Published on 26 February 2021 by Soulier Avocats

The French Anticorruption Agency publishes its new guidelines

On January 12, 2021, the French Anti-Corruption Agency (Agence Française Anticorruption, hereinafter “AFA”) published its new guidelines which will serve as the reference framework for its investigations, effective from July 13, 2021.

These new guidelines, which are both more demanding and pragmatic because they have been adapted to take into account the inspections and audits carried out by the AFA since the entry into force of the former guidelines, deserve, in our opinion, the full attention of entities subject to Article 17 of the Sapin II Law[1].

Instead of the 8 measures of the Sapin II Law to which was added the necessary involvement of the top management, the AFA structured its new guidelines[2] around three inseparable pillars:

  • Commitment of the top management;
  • Knowledge of risks through risk mapping; and
  • Risk management through the implementation of the measures provided for in Article 17 of the Sapin II Law.

With these three pillars in mind, the AFA drew up general recommendations applicable to all organizations (1), as well as specific recommendations applicable to the entities subject to Article 17 of the Sapin II Law (the “Entities subject to Article 17”) (2). The AFA also set specific recommendations for public sector entities (3).

1. The general recommendations of the AFA

First of all, the AFA drew up recommendations intended to help private law and public law legal entities, without any size- or activity-related requirement, prevent and detect facts, in particular, of corruption, influence peddling, extortion by public officials, favoritism, etc.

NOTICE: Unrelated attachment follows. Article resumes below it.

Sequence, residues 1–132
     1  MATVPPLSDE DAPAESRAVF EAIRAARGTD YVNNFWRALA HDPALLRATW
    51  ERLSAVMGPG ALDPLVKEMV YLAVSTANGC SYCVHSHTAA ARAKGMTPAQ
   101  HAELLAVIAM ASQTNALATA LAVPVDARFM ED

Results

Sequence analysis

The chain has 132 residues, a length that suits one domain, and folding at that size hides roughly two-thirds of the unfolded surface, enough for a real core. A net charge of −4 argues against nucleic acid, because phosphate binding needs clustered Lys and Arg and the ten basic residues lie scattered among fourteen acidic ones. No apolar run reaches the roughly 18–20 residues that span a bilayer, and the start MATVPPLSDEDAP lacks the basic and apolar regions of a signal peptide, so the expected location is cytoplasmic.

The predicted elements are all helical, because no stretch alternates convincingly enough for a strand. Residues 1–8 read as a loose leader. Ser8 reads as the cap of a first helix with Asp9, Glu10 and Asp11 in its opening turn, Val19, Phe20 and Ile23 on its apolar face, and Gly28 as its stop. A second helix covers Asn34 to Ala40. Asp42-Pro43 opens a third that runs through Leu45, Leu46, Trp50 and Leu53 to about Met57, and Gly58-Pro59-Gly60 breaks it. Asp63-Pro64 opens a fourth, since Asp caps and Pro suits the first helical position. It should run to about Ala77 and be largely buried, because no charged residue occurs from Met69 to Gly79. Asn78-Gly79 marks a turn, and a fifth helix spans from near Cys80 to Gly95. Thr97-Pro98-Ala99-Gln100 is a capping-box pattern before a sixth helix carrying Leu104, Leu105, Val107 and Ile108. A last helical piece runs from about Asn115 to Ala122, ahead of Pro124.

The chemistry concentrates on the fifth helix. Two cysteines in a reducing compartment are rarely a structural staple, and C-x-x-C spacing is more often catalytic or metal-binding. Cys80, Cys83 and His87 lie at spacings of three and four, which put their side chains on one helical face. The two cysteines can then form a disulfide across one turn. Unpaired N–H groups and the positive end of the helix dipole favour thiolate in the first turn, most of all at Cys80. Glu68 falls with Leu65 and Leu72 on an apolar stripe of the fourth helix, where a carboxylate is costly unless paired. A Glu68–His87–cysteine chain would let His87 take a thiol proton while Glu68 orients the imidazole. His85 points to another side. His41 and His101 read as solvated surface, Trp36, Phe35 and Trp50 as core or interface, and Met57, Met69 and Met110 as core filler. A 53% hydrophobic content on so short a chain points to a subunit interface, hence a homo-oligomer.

As such, it calls on all entities to fight against corruption by implementing measures adapted to their size and risks.

Although the AFA does not have the power to sanction or even control these entities, it nevertheless seems to encourage them to carefully analyze the risks to which they are likely to be exposed in order to better anticipate and avoid them.

In our view, these general recommendations should encourage organizations – even those that are not subject to Article 17 of the Sapin II Law – to stay alert and take an interest in anti-corruption issues.

Without necessarily establishing a risk mapping as complex as that provided for under Article 17 of the Sapin II Law, these entities could nevertheless draw up documents listing the risks to which they are likely to be exposed. In a context where the processes of control of external staff are on the rise, it cannot be excluded that their contractors may require it.

2. The specific recommendations to the entities subject to Article 17 of the Sapin II Law[3]

Extension of the relevant offences

The AFA makes an extensive interpretation of the Sapin II Law and the targeted offences. Indeed, while Article 17 covers only two offences (bribery and influence peddling) and Article 1 covers six, in its new guidelines, the AFA summarizes all these offences under the umbrella concept of “corruption”. In so doing, it extends the relevant sanctions/penalties within the meaning of Article 17.